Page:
Scanner Guidance


Scanners MUST identify themselves to servers. This is to ensure that servers can make decisions about allowing, rejecting or dropping activity and perform any verification of the scanning. It also allows server operators to know who to contact in the event of any queries or abuse.

For some protocols being scanned, such as HTTP, this can be achieved using request headers. Other protocols may not have a mechanism for direct identification, so in that case indirect identification is necessary using DNS PTR records.

Direct Identification


For scanners primarily using the /.well-known/scanner.json endpoint the Referer should be used, for example:


For scanners primarily using DNS TXT records, the User-Agent should be used, for example:


Additionally, scanners MAY also set the X-Scanner header to either the .well-known endpoint, _scanner DNS record, or just the domain name. Scanners MAY set all headers, for example:


Indirect Identification

The scanning IP should have a DNS PTR record pointing to the _scanner subdomain. Additionally, that subdomain MAY set the A, AAAA or CNAME records such that the scanning IP can be resolved.

If, for example, the scanning IP was

dig +short -x

dig +short

dig +short TXT
# "v=SCANNER1; ..."


The following mechanism is how a scanned entity or target can verify the authenticity of a scan. It may even be possible for edge infrastructure to perform this verification before allowing the request to continue to an origin.

There are three mechanisms to enable verification.

  1. SIGN - Using asymmetric encryption to sign each request (recommended)
  2. HASH - Generating a unique private hash per asset (simpler per asset)
  3. PRSH - Using a pre-shared alphanumeric secret that the scanner sets per account or asset (simplest)

Using SIGN requires a scanner to have a ECDSA key pair, where the public key is available in either the puk field or a JWKS endpoint (specified in the jku - JWKS URI - field). If using signing, the scanner MUST include sign in the sgm, set an attribute in the esa - enabled signature attribute, and set either jku or puk. Both jku and puk MAY be used, and at least one MUST be set.

Using HASH requires a scanner to use a HMAC utilising the asset and a private secret. If using hashing, the scanner MUST include hash in the sgm and set an attribute in the esa. jku and puk MAY be set if the HMAC function can utilise a public key for out-of-band verification.

Using PRSH requires the scanner MUST include prsh in the sgm and set an attribute in the esa. jku and puk MAY be set for use with the other mechanisms but will be ignored for pre-shared secrets. This method requires the user or system to interact with the scanner in order to verify the secret matches.

Scanner signing steps

  1. Scanner sets the sgm to sign and configures a jku and/or puk
  2. Scanner creates a header JSON, for example:
    • {"typ": "JWT", "kid": "abc", "alg": "ES256"}
    • Where:
    • typ is JWT (scan TBC)
    • kid is the key identifier to lookup from the JWKS endpoint
  3. Scanner generates a JSON payload, for example:
    • {"iss": "", "iat": 123, "aud": ""}
    • Where:
    • iss is the scanner
    • iat is the issued at time, or scan time, which is the Unix time integer in seconds
    • aud is the target
  4. Scanner uses its private key to generate a signature of the Base64URL(header).Base64URL(payload)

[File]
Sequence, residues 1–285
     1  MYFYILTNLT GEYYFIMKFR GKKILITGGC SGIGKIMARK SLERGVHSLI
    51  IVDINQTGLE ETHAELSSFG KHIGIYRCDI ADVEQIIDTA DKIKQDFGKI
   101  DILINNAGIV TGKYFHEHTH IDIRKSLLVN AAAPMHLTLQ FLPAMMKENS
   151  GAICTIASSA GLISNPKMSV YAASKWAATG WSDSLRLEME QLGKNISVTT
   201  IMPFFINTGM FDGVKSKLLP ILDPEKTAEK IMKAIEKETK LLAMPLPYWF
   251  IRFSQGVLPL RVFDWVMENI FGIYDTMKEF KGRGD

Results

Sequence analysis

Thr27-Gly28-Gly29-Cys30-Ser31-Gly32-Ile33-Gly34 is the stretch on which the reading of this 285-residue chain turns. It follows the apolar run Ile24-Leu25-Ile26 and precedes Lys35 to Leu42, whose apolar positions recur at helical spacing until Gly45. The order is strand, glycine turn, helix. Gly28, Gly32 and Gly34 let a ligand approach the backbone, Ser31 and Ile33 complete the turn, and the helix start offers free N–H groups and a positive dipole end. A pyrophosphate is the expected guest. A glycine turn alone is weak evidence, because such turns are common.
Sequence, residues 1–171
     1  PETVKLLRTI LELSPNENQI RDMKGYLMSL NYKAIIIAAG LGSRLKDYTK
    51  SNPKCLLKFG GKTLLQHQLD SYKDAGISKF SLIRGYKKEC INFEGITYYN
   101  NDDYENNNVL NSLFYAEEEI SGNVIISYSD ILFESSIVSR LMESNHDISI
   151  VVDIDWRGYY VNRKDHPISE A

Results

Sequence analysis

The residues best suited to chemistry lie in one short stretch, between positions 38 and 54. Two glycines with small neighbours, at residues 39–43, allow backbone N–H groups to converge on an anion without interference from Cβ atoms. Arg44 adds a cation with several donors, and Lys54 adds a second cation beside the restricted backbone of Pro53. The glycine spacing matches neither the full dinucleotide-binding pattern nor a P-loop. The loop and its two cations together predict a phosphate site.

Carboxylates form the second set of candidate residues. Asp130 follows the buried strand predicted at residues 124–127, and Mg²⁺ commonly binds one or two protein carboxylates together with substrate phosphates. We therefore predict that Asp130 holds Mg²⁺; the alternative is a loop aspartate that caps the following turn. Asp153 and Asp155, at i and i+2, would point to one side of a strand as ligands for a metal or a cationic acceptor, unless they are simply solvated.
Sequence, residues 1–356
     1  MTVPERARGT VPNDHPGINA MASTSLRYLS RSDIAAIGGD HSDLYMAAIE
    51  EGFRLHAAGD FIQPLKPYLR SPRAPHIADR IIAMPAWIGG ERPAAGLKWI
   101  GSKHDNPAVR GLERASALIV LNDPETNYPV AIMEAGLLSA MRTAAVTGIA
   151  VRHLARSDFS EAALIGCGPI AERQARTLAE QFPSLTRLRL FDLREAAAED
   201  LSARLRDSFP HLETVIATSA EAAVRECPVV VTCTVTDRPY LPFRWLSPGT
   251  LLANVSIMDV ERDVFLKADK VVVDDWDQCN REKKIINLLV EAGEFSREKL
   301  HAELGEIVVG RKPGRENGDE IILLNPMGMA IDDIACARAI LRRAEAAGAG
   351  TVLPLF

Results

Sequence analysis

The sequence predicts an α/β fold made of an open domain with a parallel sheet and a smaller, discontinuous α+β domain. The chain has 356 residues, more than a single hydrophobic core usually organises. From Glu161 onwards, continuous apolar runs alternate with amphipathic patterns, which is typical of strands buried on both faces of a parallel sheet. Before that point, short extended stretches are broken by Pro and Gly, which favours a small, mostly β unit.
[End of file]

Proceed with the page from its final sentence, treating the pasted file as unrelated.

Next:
5. Scanner creates a JWT in the format of Base64URL(header).Base64URL(payload).Base64URL(signature)
  6. Scanner sets the JWT in the attribute specified in the esa field when performing the scan

Scan verification

  1. Target receives a scan purporting to be from a scanner
  2. Target looks up the scanner record and identifies the sgm, esa and jku and/or puk fields
  3. Target checks for the esa in the request - if missing, drop the request
  4. Target extacts the JWT from the attribute as specified by esa
  5. Target either uses the puk or checks for and fetches kid specified in the JWT header and pull from the jku
  6. Target verifies the JWT signature using the scanners public key - if invalid, drop the request

SIGN Example has an EC key pair:

Key ID: 1a2b3c

Private key:


Public key:

-----END PUBLIC KEY----- sets the public key in the JWKS at and configures the record with the sgm, jku and esa fields:

"v=SCANNER1; sgm=sign; jku=; esa=http_header:x-scanner-token; info=;; type=banner_passive,crawler_passive,configuration_passive;"

Scanner steps

  1. initiates a scan to
  2. creates a header and payload:
    • {"typ": "JWT", "kid": "1a2b3c", "alg": "ES256"}
    • {"iss": "", "iat": 1669165027, "aud": ""}
  3. signs eyJ0eXAiOiJKV1QiLCJraWQiOiIxYTJiM2MiLCJhbGciOiJFUzI1NiJ9.eyJpc3MiOiJzY2FudHh0LmFwcCIsImlhdCI6MTY2OTE2NTAyNywiYXVkIjoic2NhbnR4dC5vcmcifQ with its private key to create the JWT
  4. sets HTTP request headers:
    • x-scanner:
    • x-scanner-token: eyJ0eXAiOiJKV1QiLCJraWQiOiIxYTJiM2MiLCJhbGciOiJFUzI1NiJ9.eyJpc3MiOiJzY2FudHh0LmFwcCIsImlhdCI6MTY2OTE2NTAyNywiYXVkIjoic2NhbnR4dC5vcmcifQ.I_b2AC0rwpjcz_7CM8Abr8aOn-HbKEWmU4HN9iayyMXyOk9bY-jXEji47mxMmFhRboGbCJYqlNJoHJNMbCeu-Q

Target steps

  1. receives HTTP request header x-scanner with the value
  2. looks up the scanner record from and finds the sgm, jku and esa fields
  3. checks for the esa HTTP request header (x-scanner-token: eyJ0eXAiOiJKV1QiLCJraWQiOiIxYTJiM2MiLCJhbGciOiJFUzI1NiJ9.eyJpc3MiOiJzY2FudHh0LmFwcCIsImlhdCI6MTY2OTE2NTAyNywiYXVkIjoic2NhbnR4dC5vcmcifQ.I_b2AC0rwpjcz_7CM8Abr8aOn-HbKEWmU4HN9iayyMXyOk9bY-jXEji47mxMmFhRboGbCJYqlNJoHJNMbCeu-Q)
  4. needs to fetch the public key, as it’s not in the puk, so decodes the JWT to get the kid value (1a2b3c)
  5. verifies and decodes the JWT using the key found in the jku endpoint (
  6. asserts that the request comes from